- UK/EU/International: Worldwide (International, UK and EU)
- Type of project: Self-funded PhD projects
- Deadline: None
- Supervisor(s): Dr Jacquelyn Bond, Professor Colin Johnson, Dr Ewan Morrison
The most common cause of autosomal recessive primary microcephaly (MCPH), a neurodevelopmental disorder characterized by reduced brain size and mental retardation, is mutation in the Abnormal Spindle Microcephaly Assembly (ASPM) gene (formerly named Abnormal Spindle Microtubule Associated gene)(1). ASPM is localized at the spindle poles during mitosis. ASPM knockdown using small interfering RNAs (siRNAs) results in reorientation of the mitotic spindle/cleavage furrow and cytokinesis failure (2). ASPM is an extremely important protein as changes in cell division orientation during neurodevelopment has serious consequences on the size of the developing brain and spindle misorientation results in cancer development through induction of genomic instability, tissue disorganisation, metastasis and expansion of cancer stem cells.
Reverse genetic screens using libraries of small interfering RNAs are a powerful tool in identifying multiple genes involved in developmental and disease pathways (3). To identify genes involved in brain size regulation and cancer formation two siRNA screens (human protein kinase and human ubiquitin libraries) have been performed using loss of ASPM at the spindle pole as the screen readout. The student will (i) analyse the screen results to identify genes involved in ASPM regulation and localisation, mitotic progression and division orientation and cellular cytotoxicity (ii) perform siRNA knockdown experiments to validate candidate gene hits (iii) perform molecular and cell biology studies to further characterise the nature of the hits, how they modify or interact with ASPM and what is the specific function of the interaction in relation to cell division, to identify candidate MCPH genes and identify novel cancer therapeutic targets.
Timeliness and training opportunities:
Cell division is one of the most fundamental cellular processes and this project aims to further our understanding of the regulation of mitosis with specific reference to neurogenesis and cancer formation. The project will provide interdisciplinary training in functional genomics approaches (comprising high-throughput screening and image analysis) followed by molecular and cell biology studies (immunofluorescence microscopy, Western blotting, Co-Immunoprecipitation studies, cloning, and specific functional assays based on the nature of the candidate hits). There will be an early emphasis on image analysis and the interpretation of large datasets, which will provide important transferable bio-analytical and bioinformatics skills.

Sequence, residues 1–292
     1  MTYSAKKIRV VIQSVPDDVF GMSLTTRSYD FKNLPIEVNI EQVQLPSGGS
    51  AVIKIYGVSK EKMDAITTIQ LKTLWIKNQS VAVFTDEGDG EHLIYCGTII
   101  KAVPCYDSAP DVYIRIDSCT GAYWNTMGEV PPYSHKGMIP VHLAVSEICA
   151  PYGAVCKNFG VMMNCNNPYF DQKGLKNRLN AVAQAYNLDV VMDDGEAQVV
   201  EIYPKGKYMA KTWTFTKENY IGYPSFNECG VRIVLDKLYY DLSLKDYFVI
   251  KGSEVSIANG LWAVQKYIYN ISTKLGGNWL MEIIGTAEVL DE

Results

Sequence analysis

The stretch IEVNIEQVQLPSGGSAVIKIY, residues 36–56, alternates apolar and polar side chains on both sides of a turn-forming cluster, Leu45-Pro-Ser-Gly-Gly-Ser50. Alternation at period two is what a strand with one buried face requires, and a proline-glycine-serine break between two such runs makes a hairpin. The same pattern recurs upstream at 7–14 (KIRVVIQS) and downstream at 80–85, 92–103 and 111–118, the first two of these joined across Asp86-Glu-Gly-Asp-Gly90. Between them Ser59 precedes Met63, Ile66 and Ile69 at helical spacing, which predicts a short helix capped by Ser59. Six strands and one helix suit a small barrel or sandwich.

- Bond et al., (2002), Nat Genet. 32:316-20. PMID: 12355089
- Higgins et al., (2010) BMC Cell Biol 11:85. PMID: 21044324
- Wheyway et al., (2015) Nat Cell Biol. 17:1074-1087 PMID:26167768
This project is available immediately to both Home/EU rate applicants and International applicants who are able to self-fund their studies. Students must be able to provide the appropriate level of fees based on their fee status plus laboratory consumables costs per year. This is in addition to the provision of personal living expenses.
You should hold a first degree equivalent to at least a UK upper second class honours degree in a relevant subject.
Candidates whose first language is not English must provide evidence that their English language is sufficient to meet the specific demands of their study, the Faculty minimum requirements are:
- British Council IELTS - score of 6.5 overall, with no element less than 6.
- TOEFL iBT - overall score of 92 with the listening and reading element no less than 21, writing element no less than 22 and the speaking element no less than 23.
Applicants with sufficient funding must still undergo formal interview prior to acceptance in order to demonstrate scientific aptitude and English language capability.
How to apply
Applications can be made at any time. Potential applicants are welcome to contact Dr Jacquelyn Bond with informal enquiries about this research project.
To formally apply for this project applicants should complete a Faculty Scholarship Application form and send this alongside a full academic CV, degree transcripts (or marks so far if still studying) and degree certificates to the Faculty Graduate School.
If you have already applied for other scholarships using the Faculty Scholarship Application form you do not need to complete this form again. Instead you should email to inform us you would like to be considered for this scholarship project.